This free tool can reveal who is behind any internet domain

Understanding a WhoIs search is a useful skill to add to your repertoire.

If you want to find out who owns a website, how old it is, or even try to contact the person or company who runs it, typing the domain name into Google isn’t going to help much. Instead, turn to the specialized WhoIs lookup tool maintained by the Internet Corporation for Assigned Names and Numbers.

When someone (a registrant) registers a domain, they have to provide the company that manages the domain (the registrar) with contact information and keep it updated. If they don’t, the website may be suspended or taken down. When you use the WhoIs search function, it returns whatever available information there is about “who is” responsible for the site, though some details, particularly contact information, may be private and won’t appear in the results for every site.

While certain pieces of data may be easy to understand, there are acronyms and items that may go beyond what the average person has experience with. We’ve broken down what to expect below.

  • Name: This is simply the domain name for the website you looked up.
  • Internationalized domain name: If the domain is linked to a location that doesn’t use the Latin characters present in English and other European languages, you may see its name displayed here in Arabic, Greek, or another type of script.
  • Registry domain ID: This is the unique name that the website’s home registry uses to identify the domain.
  • Domain status: There are more than a dozen codes that could appear here, so we won’t explain them all. In short, these describe, well, the domain’s status. The standard is “ok,” or “active,” meaning it’s living its best life. ICANN has a page that details what each one means.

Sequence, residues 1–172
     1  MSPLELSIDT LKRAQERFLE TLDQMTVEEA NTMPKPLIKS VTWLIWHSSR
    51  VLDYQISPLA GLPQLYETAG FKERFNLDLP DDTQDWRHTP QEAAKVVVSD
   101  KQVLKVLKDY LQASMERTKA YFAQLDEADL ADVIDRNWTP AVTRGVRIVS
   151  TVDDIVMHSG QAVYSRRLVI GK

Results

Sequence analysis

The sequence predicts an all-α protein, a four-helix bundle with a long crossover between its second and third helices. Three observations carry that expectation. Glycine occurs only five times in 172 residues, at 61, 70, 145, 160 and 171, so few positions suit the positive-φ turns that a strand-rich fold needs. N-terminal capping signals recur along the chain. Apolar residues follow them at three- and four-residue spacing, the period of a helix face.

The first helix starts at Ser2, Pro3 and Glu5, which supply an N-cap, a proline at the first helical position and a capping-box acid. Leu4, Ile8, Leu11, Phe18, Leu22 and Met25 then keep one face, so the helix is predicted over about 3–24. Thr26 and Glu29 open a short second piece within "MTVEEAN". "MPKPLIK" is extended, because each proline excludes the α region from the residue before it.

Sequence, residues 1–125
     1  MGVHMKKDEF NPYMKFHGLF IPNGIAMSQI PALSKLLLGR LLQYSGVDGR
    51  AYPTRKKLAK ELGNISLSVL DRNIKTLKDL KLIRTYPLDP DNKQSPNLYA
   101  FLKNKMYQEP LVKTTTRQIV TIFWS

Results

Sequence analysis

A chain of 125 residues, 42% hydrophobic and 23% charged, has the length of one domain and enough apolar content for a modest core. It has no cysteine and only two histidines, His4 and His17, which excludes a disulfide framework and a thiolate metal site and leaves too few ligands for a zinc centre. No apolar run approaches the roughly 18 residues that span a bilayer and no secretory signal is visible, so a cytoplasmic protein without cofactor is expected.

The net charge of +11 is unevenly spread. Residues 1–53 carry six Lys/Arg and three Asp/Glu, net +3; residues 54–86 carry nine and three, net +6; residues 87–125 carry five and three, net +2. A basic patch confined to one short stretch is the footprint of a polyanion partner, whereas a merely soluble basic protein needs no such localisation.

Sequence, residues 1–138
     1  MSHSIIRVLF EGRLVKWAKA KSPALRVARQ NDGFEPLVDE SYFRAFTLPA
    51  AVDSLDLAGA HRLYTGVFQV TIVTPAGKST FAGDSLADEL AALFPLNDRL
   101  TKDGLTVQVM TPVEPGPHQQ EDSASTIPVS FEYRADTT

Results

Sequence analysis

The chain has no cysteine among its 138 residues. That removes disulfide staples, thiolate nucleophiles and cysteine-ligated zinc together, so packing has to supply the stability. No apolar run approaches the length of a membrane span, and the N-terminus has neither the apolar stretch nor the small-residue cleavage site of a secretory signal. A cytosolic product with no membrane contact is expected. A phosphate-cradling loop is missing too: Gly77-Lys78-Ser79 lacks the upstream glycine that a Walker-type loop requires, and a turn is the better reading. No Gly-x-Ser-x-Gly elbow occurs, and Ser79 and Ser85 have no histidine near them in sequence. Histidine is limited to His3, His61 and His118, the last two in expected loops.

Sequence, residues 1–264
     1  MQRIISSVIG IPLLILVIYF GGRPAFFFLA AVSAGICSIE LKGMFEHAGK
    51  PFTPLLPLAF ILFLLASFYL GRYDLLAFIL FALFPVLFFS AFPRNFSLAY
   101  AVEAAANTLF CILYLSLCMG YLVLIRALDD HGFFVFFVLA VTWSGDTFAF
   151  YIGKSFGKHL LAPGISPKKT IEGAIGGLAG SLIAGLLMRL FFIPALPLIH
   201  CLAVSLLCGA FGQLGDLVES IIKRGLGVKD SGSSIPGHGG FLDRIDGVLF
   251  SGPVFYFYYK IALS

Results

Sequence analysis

• Nameservers: These are servers that direct users to the website, and you’ll probably see at least two listed here. They’re the reason we don’t have to memorize IP addresses. For example, if you enter “popsci.com” into your browser’s address bar, the browser notifies our nameservers, they respond with our IP address, and your browser grabs our website content from that address for you.
  • Dates: A number of dates may appear here, including when the domain was created and when its registration expires.
  • Contact information: You might not see anything here, but if you do, it may tell you how to reach the registrant and other people involved with the domain.
  • Registrar name: This is just the name of the company hosting the domain name, like Namecheap, or GoDaddy.
  • IANA ID: The Internet Assigned Numbers Authority is a department within ICANN that oversees global IP address allocation and other internet-related numbers. The number that may appear here is the one IANA uses to identify the registrar.
  • Abuse contact email and phone: If available, these two fields will show you how to contact the domain’s registrar if you think someone is abusing the domain name or using it for criminal activity.
  • Reseller name and organization: A reseller is any company that offers domain registration through a registrar. Not all of these are ICANN-accredited. If the domain was registered via one of these third-party entities, its information may appear in these two fields.
  • DNSSEC delegation signed: The Domain Name System Security Extensions help ensure that the true version of a website—not one created by an attacker—shows up when someone visits the domain. This field tells you whether or not this security feature is enabled on the searched domain.
  • DS data and key data: These are data fields related to any DNSSEC keys used with the domain.
  • Authoritative servers: The information in this field will show the URL of any server that provided the information displayed in the WhoIs lookup search results. It will also show when the servers were last updated, and therefore the age of the data you’re seeing.
  • Raw registry and registrar RDAP responses: These are minimized at the bottom of the page and contain pure code related to the Registration Data Access Protocol. This provides similar information to the WhoIs lookup.

If there’s anything you still don’t understand or isn’t on this list, ICANN has a glossary for all the terms you may see.

John Kennedy

John Kennedyis PopSci's DIY editor. He previously covered legal news for Law360 and, before that, local news at the Journal Inquirer in Connecticut. He has also built and remodeled houses, worked as a fencing coach, and shelved books at a library. When he's not taking things apart or putting them back together, he's playing sports, cooking, baking, or immersed in a video game. Contact the author here.